This is a well known method that we had already worked into the design of Playing With Wire. The idea is to have as few CSS, image and Javascript files as possible. Most browsers will only download two files at a time and there’s always some overhead associated with the download of a new file. If you can combine files you reduce this overhead.

YSlow’s Components page let us know exactly what we were bringing in through links and we could eliminate an external Javascript we were no longer using.

Add Expires headers

Expires headers are important to let web browsers know that once they’ve cached an image, CSS include or Javascript file, they can keep using it for a while. Without these headers most browsers will keep downloading the same files over and over out of fear that they may change frequently. Again, YSlow’s Components tab reveals relevant information: the Expires column lets you know what Expiry date your web server is broadcasting for each downloaded file. If you notice files with a value in the Expires column, it may be time to go into your web server configuration file. In Apache, a section like this one might just do the trick:

<virtualhost ...>
...

<directory ...>
  ...
  ExpiresByType text/css "access plus 1 week"
  ExpiresByType text/javascript "access plus 1 week"
  ExpiresByType image/gif "access plus 1 week"
  ExpiresByType image/jpg "access plus 1 week"
  ExpiresByType image/jpeg "access plus 1 week"
  ExpiresByType image/png "access plus 1 week"
</directory>

  ExpiresActive On
</virtualhost>

Enable compression

Most modern clients support streaming compression. This is a feature that lets the web server compress data before sending it to the client. This reduces the download time of the page at the expense of some CPU time on the server. While most graphics can’t be compressed much, this turns out to work out great for HTML, CSS and Javascript. All of these files can often be reduced to as little as a third of their original size. The best part is that the web server won’t try to compress the data unless it already knows the client can handle it.

How to set up compression depends on your application and web server software. If you’re using Apache, you can have the server do it for you for normal files. For dynamic content such as that generated by PHP it depends. In WordPress there’s a switch in the Options tab. If you’re using wp-cache like Playing With Wire is, it may take some more work to get things up and running, but it’s well worth the effort.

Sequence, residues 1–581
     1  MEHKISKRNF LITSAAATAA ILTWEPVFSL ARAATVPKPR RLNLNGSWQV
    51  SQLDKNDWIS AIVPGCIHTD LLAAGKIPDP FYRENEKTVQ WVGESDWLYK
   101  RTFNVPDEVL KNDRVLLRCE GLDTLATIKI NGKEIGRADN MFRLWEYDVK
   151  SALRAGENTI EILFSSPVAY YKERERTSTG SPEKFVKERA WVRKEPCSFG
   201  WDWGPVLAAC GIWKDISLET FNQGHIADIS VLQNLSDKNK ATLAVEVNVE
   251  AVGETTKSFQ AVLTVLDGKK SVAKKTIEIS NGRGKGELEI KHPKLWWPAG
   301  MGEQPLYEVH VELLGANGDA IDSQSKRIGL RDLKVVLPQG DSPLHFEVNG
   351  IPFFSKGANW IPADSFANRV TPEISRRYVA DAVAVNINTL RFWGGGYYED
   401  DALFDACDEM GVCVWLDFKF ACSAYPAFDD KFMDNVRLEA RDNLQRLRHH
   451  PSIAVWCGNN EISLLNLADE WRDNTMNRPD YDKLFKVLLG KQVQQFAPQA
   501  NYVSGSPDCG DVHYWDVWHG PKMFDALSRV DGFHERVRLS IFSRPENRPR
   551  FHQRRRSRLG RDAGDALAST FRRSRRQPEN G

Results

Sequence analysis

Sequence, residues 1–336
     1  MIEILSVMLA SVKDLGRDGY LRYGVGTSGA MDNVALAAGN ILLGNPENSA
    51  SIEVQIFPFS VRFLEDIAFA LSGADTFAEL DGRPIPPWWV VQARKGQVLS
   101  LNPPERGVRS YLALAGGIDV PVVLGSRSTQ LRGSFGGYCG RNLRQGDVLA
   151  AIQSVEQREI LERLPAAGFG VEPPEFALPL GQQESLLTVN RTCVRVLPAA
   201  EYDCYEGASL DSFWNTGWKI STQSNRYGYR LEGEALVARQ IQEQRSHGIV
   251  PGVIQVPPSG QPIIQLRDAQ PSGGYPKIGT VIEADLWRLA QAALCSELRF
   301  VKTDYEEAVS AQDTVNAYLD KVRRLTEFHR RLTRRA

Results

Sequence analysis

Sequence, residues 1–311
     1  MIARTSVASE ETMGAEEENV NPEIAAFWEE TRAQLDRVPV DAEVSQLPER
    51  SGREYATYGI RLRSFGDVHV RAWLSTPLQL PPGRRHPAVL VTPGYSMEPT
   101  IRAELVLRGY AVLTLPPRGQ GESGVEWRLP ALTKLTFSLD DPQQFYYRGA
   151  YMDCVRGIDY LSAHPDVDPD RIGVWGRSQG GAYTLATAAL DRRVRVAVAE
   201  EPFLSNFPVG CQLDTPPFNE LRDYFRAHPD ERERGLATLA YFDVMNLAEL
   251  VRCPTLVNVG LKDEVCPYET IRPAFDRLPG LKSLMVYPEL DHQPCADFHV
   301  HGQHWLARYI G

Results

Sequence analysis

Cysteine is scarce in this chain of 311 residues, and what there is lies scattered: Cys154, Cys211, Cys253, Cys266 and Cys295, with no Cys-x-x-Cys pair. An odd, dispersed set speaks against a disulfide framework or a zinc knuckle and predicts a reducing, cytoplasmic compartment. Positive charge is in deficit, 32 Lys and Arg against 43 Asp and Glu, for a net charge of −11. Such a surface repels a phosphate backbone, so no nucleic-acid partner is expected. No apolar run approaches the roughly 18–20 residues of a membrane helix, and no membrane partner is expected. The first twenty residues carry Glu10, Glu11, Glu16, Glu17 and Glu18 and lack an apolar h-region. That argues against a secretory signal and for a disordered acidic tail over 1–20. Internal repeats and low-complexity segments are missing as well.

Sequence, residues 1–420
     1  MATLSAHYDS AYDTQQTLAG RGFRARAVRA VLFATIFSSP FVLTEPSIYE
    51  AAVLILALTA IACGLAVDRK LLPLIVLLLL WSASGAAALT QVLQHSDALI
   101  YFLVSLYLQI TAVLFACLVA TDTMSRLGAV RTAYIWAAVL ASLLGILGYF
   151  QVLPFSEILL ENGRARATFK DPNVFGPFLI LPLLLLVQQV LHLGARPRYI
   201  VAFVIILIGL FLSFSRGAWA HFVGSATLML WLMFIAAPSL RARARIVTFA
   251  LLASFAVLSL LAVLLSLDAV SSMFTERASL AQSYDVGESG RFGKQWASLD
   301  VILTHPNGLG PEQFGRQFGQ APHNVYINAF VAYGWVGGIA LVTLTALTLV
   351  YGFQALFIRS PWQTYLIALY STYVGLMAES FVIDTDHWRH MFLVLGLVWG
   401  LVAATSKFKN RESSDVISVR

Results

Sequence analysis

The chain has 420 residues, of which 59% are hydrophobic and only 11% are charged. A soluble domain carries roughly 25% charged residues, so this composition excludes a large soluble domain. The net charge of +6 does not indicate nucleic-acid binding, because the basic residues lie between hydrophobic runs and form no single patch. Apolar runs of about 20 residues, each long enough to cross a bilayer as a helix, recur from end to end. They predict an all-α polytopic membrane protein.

Conclusion

Between these tricks and a couple more, Playing With Wire came out about half as heavy for the main HTML, CSS and Javascript, and as a result felt much more responsive. All in all YSlow was a helpful utility, especially thanks to its ‘Components’ tab which made it easy to see what parts of the page were being cached and compressed properly, and which ones were not. The grading system wasn’t very helpful, not all of the grade hints were applicable, and none of the hints were unknown in the field. Still, the list of suggestions was a useful as a kind of laundry list of things to do for the site, combined with data specific to your site. At the end of the day, I’ve found a new partner for optimizing websites with Yahoo!’s YSlow.

Author: Tags: , , ,
Introducing YippieMove '09. Easy email transfers. Now open for all destinations.

My recent post about Wikipedia’s Wikia linking brought on some emotional responses. Since there seems to be some misunderstandings about what I’m arguing, I’ll in this post lay out what is hopefully a more succinct description of why Wikipedia’s actions are both unfortunate, and ironically enough promotes spam rather than combats it on a large scale.

First of all, please be mindful that nowhere am I making the argument that ‘spam is good’, nor that Wikipedia should be a platform for spam. You will notice that Playing With Wire is not linked to by Wikipedia, and that we have no direct self interest in the use or lack of ‘no-follow’ tags on Wikipedia. What I do have an interest in is the health of the internet as a whole, and I believe that there is a risk that Wikipedia is causing harm to this health with its recent actions.